The Momjan castle, presently dilapidated and ivy-grown, can hardly evoke the power and wealth of the life that characterized it. It was built above the abyss overlooking the Dragonja River, today a border between Croatia and Slovenia. Located at 280 meters above the sea level, it dominates the Dragonja valley, divided from it by the Poganja brook.
Momjan was first mentioned in 1035. The Patriarch of Aquileia was given a rule over it by the deed of gift in 1102. The erection of the fortress began in the first half of the 13th century, when it was given by the Patriarch to the Counts of Devin. The owners of Momjan, the family of Woscalc from Devin and sons, were known for their fickleness and expressed their affiliation depending on interests. Fitting nicely into this feature was their constant desire to gain political functions. They were known for their disputes and conflicts with neighbours, and often fought and changed sides between the Counts of Gorizia and Patriarchs of Aquileia. Almost a cursed town, it constantly changed owners, the property was mortgaged, returned, but always important and mentioned. Thus, it was ruled by the regents appointed by Pietrapelosa and the Counts of Gorizia.
In 1548, the castle was bought by Simone Rota, of the Rota family from Bergamo, who moved to Piran just before purchasing it. Rota gave the castle the trapezoid shape with a square tower, which was renovated as residential quarters. It erected the chapel of St. Stephen and built a new stone bridge. Until it was abandoned in 1835, the castle had a residential function, after which it fell into decay as the Counts of Rota moved to a more comfortable palace in the village. As the castle was long owned by the Rota family, it is known today as the Rota Castle. Only the ruins of the castle remained as reminder of the Momjan's glorious past.References:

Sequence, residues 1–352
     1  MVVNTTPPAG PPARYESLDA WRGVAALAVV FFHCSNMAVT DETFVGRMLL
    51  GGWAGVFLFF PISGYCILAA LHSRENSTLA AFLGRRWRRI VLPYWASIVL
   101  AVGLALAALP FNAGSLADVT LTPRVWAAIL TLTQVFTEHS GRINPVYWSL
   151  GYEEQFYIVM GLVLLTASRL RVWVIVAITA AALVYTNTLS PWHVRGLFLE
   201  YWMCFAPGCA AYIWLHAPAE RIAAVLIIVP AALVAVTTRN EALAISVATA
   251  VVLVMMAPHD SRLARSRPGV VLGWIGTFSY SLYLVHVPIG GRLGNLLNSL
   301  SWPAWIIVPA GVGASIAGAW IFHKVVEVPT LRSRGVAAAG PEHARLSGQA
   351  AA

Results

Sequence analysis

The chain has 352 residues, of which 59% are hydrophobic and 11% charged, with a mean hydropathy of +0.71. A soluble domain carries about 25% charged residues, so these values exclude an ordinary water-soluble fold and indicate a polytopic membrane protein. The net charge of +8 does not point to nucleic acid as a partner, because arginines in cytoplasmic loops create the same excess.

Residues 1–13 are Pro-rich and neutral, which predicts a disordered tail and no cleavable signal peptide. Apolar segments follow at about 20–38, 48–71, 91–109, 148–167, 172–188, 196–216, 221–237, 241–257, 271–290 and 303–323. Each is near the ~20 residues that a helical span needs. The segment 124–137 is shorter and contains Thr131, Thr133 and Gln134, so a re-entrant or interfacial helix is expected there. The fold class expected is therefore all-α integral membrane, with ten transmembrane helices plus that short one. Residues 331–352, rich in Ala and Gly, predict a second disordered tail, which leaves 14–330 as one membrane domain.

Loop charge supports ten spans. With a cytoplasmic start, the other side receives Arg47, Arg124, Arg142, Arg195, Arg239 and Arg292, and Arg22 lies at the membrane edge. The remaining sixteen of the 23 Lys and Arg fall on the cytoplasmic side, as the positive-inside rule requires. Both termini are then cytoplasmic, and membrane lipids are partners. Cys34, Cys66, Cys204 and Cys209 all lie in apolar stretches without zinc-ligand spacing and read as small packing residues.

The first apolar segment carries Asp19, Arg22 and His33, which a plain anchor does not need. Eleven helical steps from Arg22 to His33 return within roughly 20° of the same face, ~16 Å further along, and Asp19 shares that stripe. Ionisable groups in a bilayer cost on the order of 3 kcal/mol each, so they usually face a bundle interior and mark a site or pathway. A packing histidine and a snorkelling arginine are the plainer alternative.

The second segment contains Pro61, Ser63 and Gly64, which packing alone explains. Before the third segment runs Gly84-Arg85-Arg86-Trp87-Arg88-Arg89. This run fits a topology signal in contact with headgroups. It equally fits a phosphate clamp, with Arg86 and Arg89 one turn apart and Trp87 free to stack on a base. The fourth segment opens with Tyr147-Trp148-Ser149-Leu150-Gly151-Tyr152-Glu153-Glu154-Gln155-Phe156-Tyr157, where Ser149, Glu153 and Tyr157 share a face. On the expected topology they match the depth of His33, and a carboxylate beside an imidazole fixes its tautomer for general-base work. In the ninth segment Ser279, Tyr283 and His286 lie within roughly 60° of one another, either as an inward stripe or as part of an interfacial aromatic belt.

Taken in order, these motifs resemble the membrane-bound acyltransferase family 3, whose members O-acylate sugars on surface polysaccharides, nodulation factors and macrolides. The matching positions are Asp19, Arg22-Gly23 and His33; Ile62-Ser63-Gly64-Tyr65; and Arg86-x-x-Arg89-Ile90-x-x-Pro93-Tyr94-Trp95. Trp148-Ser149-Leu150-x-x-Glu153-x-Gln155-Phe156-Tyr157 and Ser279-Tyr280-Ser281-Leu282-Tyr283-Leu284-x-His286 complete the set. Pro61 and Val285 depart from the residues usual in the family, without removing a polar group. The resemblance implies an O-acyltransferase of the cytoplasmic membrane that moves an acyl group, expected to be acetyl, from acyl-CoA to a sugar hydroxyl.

The Cloth Hall in Kraków dates to the Renaissance and is one of the city's most recognizable icons. It is the central feature of the main market square in the Kraków Old Town (listed as a UNESCO World Heritage Site since 1978).
The hall was once a major centre of international trade. Traveling merchants met there to discuss business and to barter. During its golden age in the 15th century, the hall was the source of a variety of exotic imports from the east – spices, silk, leather and wax – while Kraków itself exported textiles, lead, and salt from the Wieliczka Salt Mine.
Kraków was Poland's capital city and was among the largest cities in Europe already from before the time of the Renaissance. However, its decline started with the move of the capital to Warsaw in the very end of the 16th century. The city's decline was hastened by wars and politics leading to the Partitions of Poland at the end of the 18th century. By the time of the architectural restoration proposed for the cloth hall in 1870 under Austrian rule, much of the historic city center was decrepit. A change in political and economic fortunes for the Kingdom of Galicia and Lodomeria ushered in a revival due to newly established Legislative Assembly or Sejm of the Land. The successful renovation of the Cloth Hall, based on design by Tomasz Pryliński and supervised by Mayor Mikołaj Zyblikiewicz, Sejm Marshal, was one of the most notable achievements of this period.
The hall has hosted many distinguished guests over the centuries and is still used to entertain monarchs and dignitaries, such as Charles, Prince of Wales and Emperor Akihito of Japan, who was welcomed here in 2002. In the past, balls were held here, most notably after Prince Józef Poniatowski had briefly liberated the city from the Austrians in 1809. Aside from its history and cultural value, the hall still is still used as a center of commerce.
On the upper floor of the hall is the Sukiennice Museum division of the National Museum, Kraków. It holds the largest permanent exhibit of the 19th-century Polish painting and sculpture, in four grand exhibition halls arranged by historical period and the theme extending into an entire artistic epoch. The museum was upgraded in 2010 with new technical equipment, storerooms, service spaces as well as improved thematic layout for the display.
The Gallery of 19th-Century Polish Art was a major cultural venue from the moment it opened on October 7, 1879. It features late Baroque, Rococo, and Classicist 18th-century portraits and battle scenes by Polish and foreign pre-Romantics.